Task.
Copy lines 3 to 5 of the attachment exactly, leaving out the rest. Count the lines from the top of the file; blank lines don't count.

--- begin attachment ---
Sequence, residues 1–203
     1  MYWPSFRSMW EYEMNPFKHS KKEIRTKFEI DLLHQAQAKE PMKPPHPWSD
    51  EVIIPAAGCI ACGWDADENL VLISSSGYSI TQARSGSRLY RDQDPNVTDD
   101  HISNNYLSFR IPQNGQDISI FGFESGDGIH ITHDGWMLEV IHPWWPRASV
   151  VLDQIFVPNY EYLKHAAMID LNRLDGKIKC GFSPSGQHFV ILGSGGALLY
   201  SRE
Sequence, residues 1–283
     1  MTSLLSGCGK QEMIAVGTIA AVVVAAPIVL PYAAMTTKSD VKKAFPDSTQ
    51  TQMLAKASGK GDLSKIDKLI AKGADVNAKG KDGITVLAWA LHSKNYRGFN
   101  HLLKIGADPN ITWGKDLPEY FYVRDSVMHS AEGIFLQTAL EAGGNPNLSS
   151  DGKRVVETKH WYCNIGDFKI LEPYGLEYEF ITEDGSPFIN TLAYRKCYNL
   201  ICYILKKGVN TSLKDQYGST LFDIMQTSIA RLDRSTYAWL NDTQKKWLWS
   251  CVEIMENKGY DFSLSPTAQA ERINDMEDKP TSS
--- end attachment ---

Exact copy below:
    51  EVIIPAAGCI ACGWDADENL VLISSSGYSI TQARSGSRLY RDQDPNVTDD
   101  HISNNYLSFR IPQNGQDISI FGFESGDGIH ITHDGWMLEV IHPWWPRASV
   151  VLDQIFVPNY EYLKHAAMID LNRLDGKIKC GFSPSGQHFV ILGSGGALLY